In Singapore, the only ground on which one can get a divorce is when the relationship between spouses has “irretrievably broken down”. An “irretrievable breakdown of marriage” can be proven on a (1) on fault or a (2) no fault basis on the part of one or both spouses. Under the first limb, you may be able to get out of your marriage if you are able to show that “your spouse has deserted you for a continuous period of at least 2 years immediately preceding the filing of the writ”.
Under section 92 of the Singapore’s Women’s Charter, “desertion” refers to a situation where your spouse has abandoned you against your wishes.
Where spouses cohabit for less than 6 months in the middle of their separation, their cohabitation will not terminate desertion (section 95(7) of the Singapore’s Women’s Charter). This is to encourage attempts at reconciliation between parties. However, the 6 months (or less) also cannot be counted as part of the period where the parties lived separately.
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The Law on “Desertion”
If you are relying on proving desertion to get out of a marriage, it is important for you to set out the date of desertion and ensure that the facts pleaded in your Statement of Particulars (SOP) sufficiently prove the fact of desertion.
As in the case of Perry v Perry, the fact of desertion can be proven if you are able to show the court that (1) you are living separately from your spouse and that (2) your deserting spouse possessed the intention to desert you.
“Living Separately” involves both a physical separation and mental attitude averse to cohabitation on the part of one or both spouses. The courts must have regard to all the surrounding circumstances, including the conduct of the parties and where necessary, the purposes for which physical separation took place before it can come to a definitive conclusion as to the exact date (if there is any) that spouses commenced to live separately (Seah Cheng Hock v Lau Biau Chin).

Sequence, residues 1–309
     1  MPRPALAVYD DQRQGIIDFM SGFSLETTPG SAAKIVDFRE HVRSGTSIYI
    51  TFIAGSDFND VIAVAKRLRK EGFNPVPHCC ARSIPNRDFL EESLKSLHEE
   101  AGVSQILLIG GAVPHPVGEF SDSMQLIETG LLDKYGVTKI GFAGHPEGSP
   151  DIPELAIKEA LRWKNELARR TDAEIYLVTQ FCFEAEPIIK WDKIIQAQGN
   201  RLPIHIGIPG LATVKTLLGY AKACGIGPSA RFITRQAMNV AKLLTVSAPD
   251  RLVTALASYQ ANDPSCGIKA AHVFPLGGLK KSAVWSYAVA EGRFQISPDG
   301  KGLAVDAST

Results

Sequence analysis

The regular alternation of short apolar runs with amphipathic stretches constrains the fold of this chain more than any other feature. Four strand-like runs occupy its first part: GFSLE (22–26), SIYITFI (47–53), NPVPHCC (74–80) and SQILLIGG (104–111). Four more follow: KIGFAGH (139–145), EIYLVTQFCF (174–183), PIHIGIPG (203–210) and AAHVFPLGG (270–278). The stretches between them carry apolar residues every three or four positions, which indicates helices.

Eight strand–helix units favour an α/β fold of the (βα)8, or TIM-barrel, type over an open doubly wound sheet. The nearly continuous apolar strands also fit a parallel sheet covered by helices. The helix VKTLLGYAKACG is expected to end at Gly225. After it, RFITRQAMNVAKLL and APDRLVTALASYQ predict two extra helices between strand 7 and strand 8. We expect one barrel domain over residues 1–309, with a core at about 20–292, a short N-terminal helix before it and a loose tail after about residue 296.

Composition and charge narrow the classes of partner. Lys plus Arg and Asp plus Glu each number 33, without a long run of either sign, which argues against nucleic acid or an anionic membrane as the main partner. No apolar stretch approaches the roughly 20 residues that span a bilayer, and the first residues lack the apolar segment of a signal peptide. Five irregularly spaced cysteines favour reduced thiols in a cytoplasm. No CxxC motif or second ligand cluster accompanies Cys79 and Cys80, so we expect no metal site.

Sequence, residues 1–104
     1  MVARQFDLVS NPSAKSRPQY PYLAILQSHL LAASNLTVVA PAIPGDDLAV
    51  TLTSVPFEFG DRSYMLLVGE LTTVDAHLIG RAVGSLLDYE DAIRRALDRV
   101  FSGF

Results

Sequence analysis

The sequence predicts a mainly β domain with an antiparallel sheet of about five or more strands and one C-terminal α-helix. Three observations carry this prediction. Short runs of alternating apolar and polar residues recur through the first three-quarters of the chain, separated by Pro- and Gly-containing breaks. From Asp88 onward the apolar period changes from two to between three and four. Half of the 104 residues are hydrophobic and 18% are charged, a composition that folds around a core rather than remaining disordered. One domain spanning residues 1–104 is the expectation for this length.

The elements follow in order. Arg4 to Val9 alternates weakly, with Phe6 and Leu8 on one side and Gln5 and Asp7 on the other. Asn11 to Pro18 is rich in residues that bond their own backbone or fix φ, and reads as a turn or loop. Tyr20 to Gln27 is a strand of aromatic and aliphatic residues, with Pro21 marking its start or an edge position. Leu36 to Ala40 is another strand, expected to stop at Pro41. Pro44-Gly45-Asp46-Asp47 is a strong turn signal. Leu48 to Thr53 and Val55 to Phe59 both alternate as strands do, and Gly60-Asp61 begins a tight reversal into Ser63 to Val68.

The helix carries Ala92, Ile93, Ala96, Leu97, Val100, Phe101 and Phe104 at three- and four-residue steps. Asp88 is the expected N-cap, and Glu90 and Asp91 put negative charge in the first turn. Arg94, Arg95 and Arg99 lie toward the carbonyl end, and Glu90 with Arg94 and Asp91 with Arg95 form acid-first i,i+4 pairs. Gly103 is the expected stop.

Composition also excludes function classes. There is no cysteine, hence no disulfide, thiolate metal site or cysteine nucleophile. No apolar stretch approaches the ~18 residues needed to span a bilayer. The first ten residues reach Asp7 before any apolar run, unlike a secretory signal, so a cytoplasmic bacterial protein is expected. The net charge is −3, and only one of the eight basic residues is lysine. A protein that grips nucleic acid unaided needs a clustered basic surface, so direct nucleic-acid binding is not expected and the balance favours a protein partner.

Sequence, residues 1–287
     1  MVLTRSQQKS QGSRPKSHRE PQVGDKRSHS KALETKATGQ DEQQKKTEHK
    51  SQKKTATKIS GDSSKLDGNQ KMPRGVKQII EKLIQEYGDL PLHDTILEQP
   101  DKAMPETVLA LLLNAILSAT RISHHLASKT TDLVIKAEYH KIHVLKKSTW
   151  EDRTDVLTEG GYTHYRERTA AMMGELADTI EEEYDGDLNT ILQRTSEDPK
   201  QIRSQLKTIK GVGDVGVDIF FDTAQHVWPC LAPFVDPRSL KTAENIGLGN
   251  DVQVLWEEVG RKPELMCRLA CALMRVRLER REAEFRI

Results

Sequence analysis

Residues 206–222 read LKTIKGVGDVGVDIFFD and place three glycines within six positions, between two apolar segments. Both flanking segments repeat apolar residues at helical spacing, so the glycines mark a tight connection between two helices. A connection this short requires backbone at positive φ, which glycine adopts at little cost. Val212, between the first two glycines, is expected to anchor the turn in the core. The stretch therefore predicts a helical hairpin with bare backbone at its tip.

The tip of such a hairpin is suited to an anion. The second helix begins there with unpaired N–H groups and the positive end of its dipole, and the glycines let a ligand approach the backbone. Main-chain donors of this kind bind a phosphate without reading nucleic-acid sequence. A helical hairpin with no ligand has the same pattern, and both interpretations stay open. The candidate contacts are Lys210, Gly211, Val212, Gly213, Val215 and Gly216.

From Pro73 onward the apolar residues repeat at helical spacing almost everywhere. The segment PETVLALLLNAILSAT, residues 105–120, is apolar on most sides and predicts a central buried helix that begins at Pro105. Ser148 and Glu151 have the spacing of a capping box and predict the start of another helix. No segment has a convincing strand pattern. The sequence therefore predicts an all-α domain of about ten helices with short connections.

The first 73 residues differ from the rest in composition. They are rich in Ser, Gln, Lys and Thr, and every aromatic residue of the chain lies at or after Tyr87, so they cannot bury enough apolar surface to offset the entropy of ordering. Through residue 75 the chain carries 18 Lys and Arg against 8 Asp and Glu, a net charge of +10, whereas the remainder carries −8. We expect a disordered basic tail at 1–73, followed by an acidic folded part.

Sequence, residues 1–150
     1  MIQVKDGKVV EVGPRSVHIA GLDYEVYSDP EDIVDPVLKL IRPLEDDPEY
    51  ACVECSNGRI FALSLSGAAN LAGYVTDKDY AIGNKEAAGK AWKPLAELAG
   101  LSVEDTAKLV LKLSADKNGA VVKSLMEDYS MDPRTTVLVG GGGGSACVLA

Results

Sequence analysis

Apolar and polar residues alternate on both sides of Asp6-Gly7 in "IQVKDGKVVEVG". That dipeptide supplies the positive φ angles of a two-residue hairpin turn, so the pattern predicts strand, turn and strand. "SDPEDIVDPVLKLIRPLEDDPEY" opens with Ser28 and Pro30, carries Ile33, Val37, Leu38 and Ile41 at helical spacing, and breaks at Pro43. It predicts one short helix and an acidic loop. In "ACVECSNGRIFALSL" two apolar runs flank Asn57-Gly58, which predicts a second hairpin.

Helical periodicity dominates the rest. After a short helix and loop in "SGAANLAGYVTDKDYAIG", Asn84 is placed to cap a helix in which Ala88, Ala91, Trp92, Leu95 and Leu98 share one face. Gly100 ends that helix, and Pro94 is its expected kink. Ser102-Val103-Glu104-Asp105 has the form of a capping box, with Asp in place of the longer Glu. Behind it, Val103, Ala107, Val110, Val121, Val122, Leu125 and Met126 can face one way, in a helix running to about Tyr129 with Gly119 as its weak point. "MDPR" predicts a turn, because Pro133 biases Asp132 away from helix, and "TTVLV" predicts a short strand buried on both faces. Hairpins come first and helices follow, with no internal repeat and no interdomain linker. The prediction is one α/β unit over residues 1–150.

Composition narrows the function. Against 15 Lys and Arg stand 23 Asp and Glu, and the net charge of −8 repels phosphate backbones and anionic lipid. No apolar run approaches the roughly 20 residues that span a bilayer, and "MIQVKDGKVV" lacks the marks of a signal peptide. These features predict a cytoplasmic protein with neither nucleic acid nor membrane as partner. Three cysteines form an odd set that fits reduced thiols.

The plaintiff also must show that the defendant had an “Intention to Desert”. An agreed separation cannot give rise to an allegation of desertion (Goh Soo Toon). This is unless despite both spouses initially consenting to separate, one spouse later communicates the desire to resume cohabitation, but the other spouse rejects the offer. In such an instance, the other spouse will be considered to have the intention to desert.
As in Seah Cheng Hock, where a couple were physically living apart because of the husband’s studies in a foreign country and not because they wanted to bring the matrimonial consortium to a permanent end, the period of physical separation cannot be considered as “living separately” for the purposes of divorce as there was no intention to desert at the commencement of physical separation.
If you are the party who has left but you want to bring a case for desertion, you may prove constructive desertion instead of actual desertion. The practical difference between actual desertion and constructive desertion is reflected in the differences in circumstances.
As in the case of Seah Cheng Hock, citing the UK case of Buchler v Buchler, to prove constructive desertion, you must show the court that your spouse has been guilty of conduct that ‘drove you away’ from the matrimonial home and that your spouse had done so with the intention of bringing the matrimonial consortium to an end.
Your spouse’s conduct must be of such gravity and so clearly established to prove that there was an equivalence of your expulsion from your matrimonial home. When conduct equivalent to an expulsion is proven, the necessary intention that of your spouse to bring the matrimonial consortium to an end is readily inferred (Sicken v Sickert).
Lastly, in instances of desertion, the issue is always one of fact and it is important that your Statement of Particulars (SOP) reflect the circumstances of the desertion taking into account the applicable law. We can help you with drafting your SOP.
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